Last month the D.C. Circuit upheld the constitutionality of Section 5 of the Voting Rights Act, the controversial statute that requires voting districts with a history of discrimination to obtain “preclearance” from either the Department of Justice or the U.S. District Court for the District of Columbia before modifying state or local voting practices or procedures. A number of Supreme Court watchers, including the Blog of Legal Times, have speculated that the D.C. Circuit’s decision last month in Shelby County, Alabama v. Holder set the stage “for an eventual U.S. Supreme Court battle.”
While the public's attention may be focused on Section 5 for the time being, a lesser known issue involving Section 2 of the Voting Rights Act may soon steal the Court's attention. Last week in Pope v. County of Albany, the Second Circuit called attention to a circuit split over Section 2 of the Act, which generally prohibits states and political subdivisions from maintaining voting requirements, practices, or procedures that “result in a denial or abridgment of the right of any citizen of the United States to vote on account of race or color.” 42 U.S.C. § 1973(a).
Under Section 2, members of minority groups may bring claims of vote dillution where multimember voting districts “submerge” minority voters into the majority masses. Bartlett v. Strickland, 556 U.S. 1 (2009). To bring an actionable claim in such cases, a plaintiff must show, among other things, that the members of their protected class form a “politically cohesive” minority group. Thornburg v. Gingles, 478 U.S. 30, 51 (1986).
As the Second Circuit pointed out last week, however, “[t]he circuits are split as to whether different minority groups may be aggregated to establish a Section 2 claim.” Writing for the panel, Judge Reena Raggi offered the following summary of this division:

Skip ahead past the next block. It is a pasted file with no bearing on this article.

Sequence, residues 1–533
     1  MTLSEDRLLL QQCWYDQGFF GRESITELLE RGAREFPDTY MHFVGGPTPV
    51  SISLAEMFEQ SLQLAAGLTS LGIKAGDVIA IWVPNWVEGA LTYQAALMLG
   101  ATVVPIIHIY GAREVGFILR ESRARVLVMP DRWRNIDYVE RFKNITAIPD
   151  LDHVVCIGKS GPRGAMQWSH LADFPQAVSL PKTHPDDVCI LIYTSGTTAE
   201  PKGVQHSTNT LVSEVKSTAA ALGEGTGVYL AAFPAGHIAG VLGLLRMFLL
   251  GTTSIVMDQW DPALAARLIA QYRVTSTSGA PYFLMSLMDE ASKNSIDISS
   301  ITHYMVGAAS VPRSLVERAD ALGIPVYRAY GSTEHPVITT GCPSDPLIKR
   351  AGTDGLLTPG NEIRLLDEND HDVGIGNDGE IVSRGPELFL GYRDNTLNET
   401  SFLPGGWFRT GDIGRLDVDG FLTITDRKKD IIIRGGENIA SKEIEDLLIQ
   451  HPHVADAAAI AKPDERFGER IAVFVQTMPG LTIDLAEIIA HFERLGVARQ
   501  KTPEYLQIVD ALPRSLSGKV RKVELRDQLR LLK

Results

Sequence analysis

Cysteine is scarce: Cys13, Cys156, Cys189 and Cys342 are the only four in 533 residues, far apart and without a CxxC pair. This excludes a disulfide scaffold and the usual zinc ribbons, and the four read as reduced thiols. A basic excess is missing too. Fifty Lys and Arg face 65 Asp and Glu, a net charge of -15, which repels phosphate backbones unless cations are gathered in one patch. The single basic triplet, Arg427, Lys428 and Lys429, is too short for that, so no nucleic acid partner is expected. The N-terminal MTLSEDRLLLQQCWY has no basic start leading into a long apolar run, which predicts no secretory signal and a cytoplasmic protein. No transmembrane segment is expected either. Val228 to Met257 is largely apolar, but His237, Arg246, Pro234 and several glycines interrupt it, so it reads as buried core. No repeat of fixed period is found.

Compare Nixon v. Kent Cnty., 76 F.3d 1381, 1393 (6th Cir. 1996) (en banc) (holding such "coalition suits" impermissible), with Concerned Citizens of Hardee Cnty. v. Hardee Cnty. Bd. of Comm'rs, 906 F.2d 524, 526 (11th Cir. 1990) (approving aggregate Section 2 claims) and Campos v. City of Baytown, 840 F.2d 1240, 1244 (5th Cir. 1988) (same). In Bridgeport Coalition for Fair Representation v. City of Bridgeport, 26 F.3d 271, 275-76 (2d Cir.), vacated on other grounds, 512 U.S. 1283, 115 S. Ct. 35, 129 L. Ed. 2d 931 (1994), this court identified a Section 2 violation in a challenge that aggregated blacks and Hispanics, without specifically ruling that such aggregation was permissible. Meanwhile, the Supreme Court has expressly reserved decision on the issue, while at the same time indicating that a plaintiff relying on an aggregated minority group would have to demonstrate that its members are politically cohesive. See Growe v. Emison, 507 U.S. 25, 41, 113 S. Ct. 1075, 122 L. Ed. 2d 388 (1993); see also Badillo v. City of Stockton, 956 F.2d 884, 890-91 (9th Cir. 1992) (affirming dismissal of Section 2 claim because plaintiffs failed to show sufficient black/Hispanic cohesion, without discussing whether aggregation was in fact permissible).
In finding plaintiffs not to have demonstrated the political cohesiveness of blacks and Hispanics in Albany County, the district court did not, as plaintiffs argue, hold that, as a matter of law, the burden needed to be satisfied through statistical evidence. See Thornburg v. Gingles, 478 U.S. at 57 n.25 (stating that where applicable election data is not available, "courts must rely on other factors" to determine whether Section 2 claim has been proved); see also Brewer v. Ham, 876 F.2d 448, 454 (5th Cir. 1989) (noting that "statistical evidence is not a sine qua non to establishing cohesion"). Rather, the court found that the particular socioeconomic data and anecdotal evidence advanced by plaintiffs to demonstrate the aggregated group's political cohesiveness were not factually convincing. We express no view on this factual determination because plaintiffs' injunction motion fails, in any event, at the third step of Gingles analysis, majority bloc voting. See infra at II.B.3.b.
Pope v. County of Albany, Docket No. 11-3439-cv (2d Cir. N.Y. May 29, 2012).